From the Life of Joseph Smith
In June 1829, the Prophet Joseph Smith completed the translation of the Book of Mormon. “Our translation drawing to a close,” the Prophet stated, “we went to Palmyra, Wayne county, New York, secured the copyright, and agreed with Mr. Egbert B. Grandin to print five thousand copies for the sum of three thousand dollars.”1 Egbert B. Grandin was a young man, a year younger than Joseph Smith, who owned a printing shop in Palmyra. He had just purchased a new press with technology that made the printing process considerably faster. It was remarkable that the Prophet was able to find a printer in the rural town of Palmyra capable of printing so many copies of a lengthy volume like the Book of Mormon. Because printing the Book of Mormon was such a large and expensive project, Martin Harris mortgaged his farm to Mr. Grandin to ensure payment of the printing costs.
In the late summer of 1829, Joseph Smith, Martin Harris, and several others gathered at the print shop to inspect the proof of the title page of the Book of Mormon, the first page of the book to be printed. When the Prophet declared that he was pleased with the appearance of the page, the printing went forward as quickly as possible. The work took about seven months to complete, and copies of the Book of Mormon were made available to the public on March 26, 1830.
With the work of translating and publishing the Book of Mormon now completed, Joseph Smith moved forward to organize the Church. In the revelation now found in section 20 of the Doctrine and Covenants, the Lord revealed to the Prophet “the precise day upon which, according to His will and commandment, we should proceed to organize His Church once more here upon the earth.”2 The day specified was April 6, 1830.
“We … made known to our brethren,” the Prophet said, “that we had received a commandment to organize the Church; and accordingly we met together for that purpose, at the house of Mr. Peter Whitmer, Sen., (being six in number,) on Tuesday, the sixth day of April, A.D., one thousand eight hundred and thirty.”3 Approximately 60 people crowded into the Whitmer home in Fayette, New York, completely filling two rooms in the home. Six of the men present were identified as the incorporators of the new Church in order to fulfill the law of New York—the Prophet Joseph Smith, Oliver Cowdery, Hyrum Smith, Peter Whitmer Jr., Samuel Smith, and David Whitmer.4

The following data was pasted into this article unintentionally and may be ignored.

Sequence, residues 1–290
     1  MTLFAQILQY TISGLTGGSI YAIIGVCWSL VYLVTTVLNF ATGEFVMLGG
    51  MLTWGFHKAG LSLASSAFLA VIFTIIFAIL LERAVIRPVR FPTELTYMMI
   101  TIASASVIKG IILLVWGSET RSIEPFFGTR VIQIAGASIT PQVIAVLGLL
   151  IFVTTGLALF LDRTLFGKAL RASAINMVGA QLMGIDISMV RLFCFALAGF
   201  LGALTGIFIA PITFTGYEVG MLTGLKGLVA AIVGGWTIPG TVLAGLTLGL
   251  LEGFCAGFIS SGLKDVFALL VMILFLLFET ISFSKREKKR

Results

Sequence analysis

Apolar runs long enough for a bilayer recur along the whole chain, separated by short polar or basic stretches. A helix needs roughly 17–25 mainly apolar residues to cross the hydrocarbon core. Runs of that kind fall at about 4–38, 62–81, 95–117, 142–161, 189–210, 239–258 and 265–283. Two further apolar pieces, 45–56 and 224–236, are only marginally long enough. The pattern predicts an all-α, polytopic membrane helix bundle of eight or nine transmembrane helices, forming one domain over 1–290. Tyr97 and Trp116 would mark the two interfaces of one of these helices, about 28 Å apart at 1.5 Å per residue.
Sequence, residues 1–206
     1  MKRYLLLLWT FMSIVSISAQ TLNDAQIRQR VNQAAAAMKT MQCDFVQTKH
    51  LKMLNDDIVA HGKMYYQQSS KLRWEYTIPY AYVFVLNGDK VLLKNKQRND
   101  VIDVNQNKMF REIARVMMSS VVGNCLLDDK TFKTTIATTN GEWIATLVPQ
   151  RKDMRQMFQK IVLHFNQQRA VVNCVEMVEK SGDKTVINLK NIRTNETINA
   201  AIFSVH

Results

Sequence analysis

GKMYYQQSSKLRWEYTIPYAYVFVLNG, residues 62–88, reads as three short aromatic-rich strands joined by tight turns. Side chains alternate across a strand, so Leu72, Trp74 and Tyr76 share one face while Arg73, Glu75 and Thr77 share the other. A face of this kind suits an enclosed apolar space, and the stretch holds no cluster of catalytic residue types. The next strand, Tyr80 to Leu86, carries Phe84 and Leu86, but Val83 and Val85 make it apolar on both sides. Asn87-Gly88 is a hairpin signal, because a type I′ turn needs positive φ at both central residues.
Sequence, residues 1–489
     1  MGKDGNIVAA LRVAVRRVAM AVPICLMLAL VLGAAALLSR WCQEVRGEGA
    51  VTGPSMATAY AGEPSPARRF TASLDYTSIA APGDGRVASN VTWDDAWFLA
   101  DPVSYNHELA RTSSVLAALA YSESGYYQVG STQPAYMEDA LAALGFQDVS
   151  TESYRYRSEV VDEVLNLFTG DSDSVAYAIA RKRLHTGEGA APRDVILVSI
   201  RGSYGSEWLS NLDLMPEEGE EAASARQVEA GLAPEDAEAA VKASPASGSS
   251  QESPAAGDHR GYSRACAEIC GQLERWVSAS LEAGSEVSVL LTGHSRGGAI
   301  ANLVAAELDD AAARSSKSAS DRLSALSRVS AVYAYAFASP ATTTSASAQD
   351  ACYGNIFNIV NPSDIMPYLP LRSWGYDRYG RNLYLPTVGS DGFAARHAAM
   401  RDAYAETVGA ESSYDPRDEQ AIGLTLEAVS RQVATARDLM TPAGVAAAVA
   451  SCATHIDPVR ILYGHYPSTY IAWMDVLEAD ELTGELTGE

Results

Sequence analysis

Although the Church was very small in the beginning, Joseph Smith had a prophetic sense of its grand destiny. Wilford Woodruff recalled that during a priesthood meeting at Kirtland, Ohio, in April 1834, the Prophet tried to awaken the brethren to a realization of the future state of God’s kingdom on earth:
“The Prophet called on all who held the Priesthood to gather into the little log school house they had there. It was a small house, perhaps 14 feet square. But it held the whole of the Priesthood of the Church of Jesus Christ of Latter-day Saints who were then in the town of Kirtland. … When we got together the Prophet called upon the Elders of Israel with him to bear testimony of this work. … When they got through the Prophet said, ‘Brethren, I have been very much edified and instructed in your testimonies here tonight, but I want to say to you before the Lord, that you know no more concerning the destinies of this Church and kingdom than a babe upon its mother’s lap. You don’t comprehend it.’ I was rather surprised. He said, ‘It is only a little handful of Priesthood you see here tonight, but this Church will fill North and South America—it will fill the world.’”5
Teachings of Joseph Smith
The true Church of Jesus Christ was organized by Joseph Smith in the dispensation of the fulness of times.
Joseph Smith reported the events of the meeting held on April 6, 1830, to organize the Church: “Having opened the meeting by solemn prayer to our Heavenly Father, we proceeded, according to previous commandment, to call on our brethren to know whether they accepted us as their teachers in the things of the Kingdom of God, and whether they were satisfied that we should proceed and be organized as a Church according to said commandment which we had received. To these several propositions they consented by a unanimous vote.
“I then laid my hands upon Oliver Cowdery, and ordained him an Elder of the ‘Church of Jesus Christ of Latter-day Saints;’ after which, he ordained me also to the office of an Elder of said Church. We then took bread, blessed it, and brake it with them; also wine, blessed it, and drank it with them. We then laid our hands on each individual member of the Church present, that they might receive the gift of the Holy Ghost, and be confirmed members of the Church of Christ. The Holy Ghost was poured out upon us to a very great degree—some prophesied, whilst we all praised the Lord, and rejoiced exceedingly. …
“We now proceeded to call out and ordain some others of the brethren to different offices of the Priesthood, according as the Spirit manifested unto us: and after a happy time spent in witnessing and feeling for ourselves the powers and blessings of the Holy Ghost, through the grace of God bestowed upon us, we dismissed with the pleasing knowledge that we were now individually members of, and acknowledged of God, ‘The Church of Jesus Christ,’ organized in accordance with commandments and revelations given by Him to ourselves in these last days, as well as according to the order of the Church as recorded in the New Testament.”6